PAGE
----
THE CREATION OF EVERYTHING
Prepared by Dr. John E. Marshall
for September 5, 2004, AM
Genesis 1:1c “. . . created . .”.
In other words, God made everything out of nothing. He “calls things into existence that do not exist” (Romans 4:17).
“The heavens were made by the word of the Lord, and all the stars, by the breath of His mouth” (Psalms 33:6). He gave existence to what before was not.
Where did life come from? The answer affects our understanding of ourselves and where we look for meaning in our lives.
With regard to origins, the “God” debate is far from new. From ancient times, only two theories have ever been put forth on the origin of life.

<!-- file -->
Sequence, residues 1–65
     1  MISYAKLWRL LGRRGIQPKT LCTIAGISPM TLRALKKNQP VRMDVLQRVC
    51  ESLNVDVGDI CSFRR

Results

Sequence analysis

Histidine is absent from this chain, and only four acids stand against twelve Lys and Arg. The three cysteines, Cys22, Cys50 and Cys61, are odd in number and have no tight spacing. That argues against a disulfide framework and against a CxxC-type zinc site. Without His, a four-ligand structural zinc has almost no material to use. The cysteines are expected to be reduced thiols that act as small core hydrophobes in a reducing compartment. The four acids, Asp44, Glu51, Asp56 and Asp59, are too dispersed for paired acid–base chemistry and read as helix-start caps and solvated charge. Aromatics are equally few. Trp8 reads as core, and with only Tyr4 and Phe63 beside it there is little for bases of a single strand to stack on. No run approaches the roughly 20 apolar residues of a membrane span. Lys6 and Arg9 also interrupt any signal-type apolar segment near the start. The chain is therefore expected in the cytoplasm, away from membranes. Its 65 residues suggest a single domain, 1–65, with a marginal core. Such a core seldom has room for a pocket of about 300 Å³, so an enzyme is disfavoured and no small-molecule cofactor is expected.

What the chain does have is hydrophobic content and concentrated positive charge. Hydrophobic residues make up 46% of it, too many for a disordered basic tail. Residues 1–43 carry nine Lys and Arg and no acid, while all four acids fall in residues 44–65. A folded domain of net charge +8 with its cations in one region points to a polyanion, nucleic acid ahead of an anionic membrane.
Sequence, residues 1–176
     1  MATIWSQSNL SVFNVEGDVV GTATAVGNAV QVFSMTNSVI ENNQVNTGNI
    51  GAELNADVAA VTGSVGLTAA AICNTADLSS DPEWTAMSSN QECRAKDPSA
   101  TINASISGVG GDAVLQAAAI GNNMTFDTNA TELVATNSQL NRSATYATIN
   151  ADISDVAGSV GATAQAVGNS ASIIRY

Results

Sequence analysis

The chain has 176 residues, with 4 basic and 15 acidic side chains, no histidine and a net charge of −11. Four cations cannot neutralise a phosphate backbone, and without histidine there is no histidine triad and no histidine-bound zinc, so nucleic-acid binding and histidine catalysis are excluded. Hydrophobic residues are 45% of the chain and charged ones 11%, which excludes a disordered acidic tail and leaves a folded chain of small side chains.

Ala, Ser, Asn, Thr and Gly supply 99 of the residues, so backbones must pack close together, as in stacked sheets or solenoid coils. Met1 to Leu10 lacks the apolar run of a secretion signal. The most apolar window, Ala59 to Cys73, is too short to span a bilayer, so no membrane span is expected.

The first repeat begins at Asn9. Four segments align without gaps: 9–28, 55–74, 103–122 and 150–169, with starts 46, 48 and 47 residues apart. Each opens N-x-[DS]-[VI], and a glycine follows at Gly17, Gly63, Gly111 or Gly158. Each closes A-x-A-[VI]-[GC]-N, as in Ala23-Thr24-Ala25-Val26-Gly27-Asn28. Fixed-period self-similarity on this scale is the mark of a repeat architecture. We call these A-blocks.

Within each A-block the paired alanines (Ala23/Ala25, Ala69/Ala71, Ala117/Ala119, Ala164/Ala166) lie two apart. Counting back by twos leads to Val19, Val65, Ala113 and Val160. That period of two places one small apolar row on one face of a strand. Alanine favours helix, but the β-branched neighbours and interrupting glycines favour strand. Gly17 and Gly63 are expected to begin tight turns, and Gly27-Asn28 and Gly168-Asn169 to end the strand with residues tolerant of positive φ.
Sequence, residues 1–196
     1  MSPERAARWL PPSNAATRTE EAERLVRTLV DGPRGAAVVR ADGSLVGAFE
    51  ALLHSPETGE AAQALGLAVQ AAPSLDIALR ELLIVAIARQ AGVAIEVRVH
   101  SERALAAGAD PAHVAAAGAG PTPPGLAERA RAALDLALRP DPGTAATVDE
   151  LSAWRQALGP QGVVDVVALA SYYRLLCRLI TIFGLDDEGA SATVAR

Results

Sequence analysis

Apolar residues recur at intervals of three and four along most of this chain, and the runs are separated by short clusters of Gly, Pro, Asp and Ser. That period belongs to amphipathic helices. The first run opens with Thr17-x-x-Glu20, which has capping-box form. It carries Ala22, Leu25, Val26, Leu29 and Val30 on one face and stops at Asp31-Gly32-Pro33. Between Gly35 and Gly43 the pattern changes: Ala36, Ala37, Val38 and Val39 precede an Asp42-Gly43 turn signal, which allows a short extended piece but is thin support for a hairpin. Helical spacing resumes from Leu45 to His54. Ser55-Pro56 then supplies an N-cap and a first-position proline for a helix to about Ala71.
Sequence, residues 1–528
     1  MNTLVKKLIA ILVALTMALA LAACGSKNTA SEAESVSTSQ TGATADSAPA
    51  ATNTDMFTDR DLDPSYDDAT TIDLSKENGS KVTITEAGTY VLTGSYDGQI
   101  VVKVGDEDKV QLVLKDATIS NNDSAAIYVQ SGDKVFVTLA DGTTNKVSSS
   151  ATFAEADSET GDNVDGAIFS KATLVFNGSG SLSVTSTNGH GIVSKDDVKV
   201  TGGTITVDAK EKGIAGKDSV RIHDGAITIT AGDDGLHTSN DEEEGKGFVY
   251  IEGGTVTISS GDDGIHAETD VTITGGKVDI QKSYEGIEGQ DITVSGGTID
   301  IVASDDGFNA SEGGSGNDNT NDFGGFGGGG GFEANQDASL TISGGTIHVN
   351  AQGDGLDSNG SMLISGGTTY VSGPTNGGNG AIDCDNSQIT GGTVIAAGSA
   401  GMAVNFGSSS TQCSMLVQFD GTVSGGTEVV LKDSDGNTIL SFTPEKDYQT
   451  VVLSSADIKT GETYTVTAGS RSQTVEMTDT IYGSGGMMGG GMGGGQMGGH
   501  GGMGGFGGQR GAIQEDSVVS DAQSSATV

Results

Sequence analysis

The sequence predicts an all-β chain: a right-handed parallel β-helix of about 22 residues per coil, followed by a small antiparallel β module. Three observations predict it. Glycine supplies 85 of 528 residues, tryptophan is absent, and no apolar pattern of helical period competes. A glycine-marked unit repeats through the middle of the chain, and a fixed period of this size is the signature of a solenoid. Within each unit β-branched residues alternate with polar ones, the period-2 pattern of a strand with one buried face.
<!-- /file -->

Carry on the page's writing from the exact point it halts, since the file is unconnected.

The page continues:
The first theory is intelligent design. We exist not due to fortuitous motion or the random conjunction of atoms (Gill).
Only God, “in whom is life” (John 1:4), can produce life. An effect demands an adequate cause.
We are here because of God, not blind chance. He planned the Universe and us, and then energized the plan. Darwin’s goal was to destroy this idea.
The second theory is spontaneous generation. Nothing made something. Blind chance acted on dead molecules.
The first living cells developed from nonliving matter. Ever since, things have made themselves, plus other, different things.
Substance came from substance, which came from substance, which came from substance, unto infinity. This theory makes substance itself eternal.
Some try to offer a third speculation, life came to Earth from outer space. Even if true, this only explains the appearance of life on earth, but provides no clue to the origin of life itself.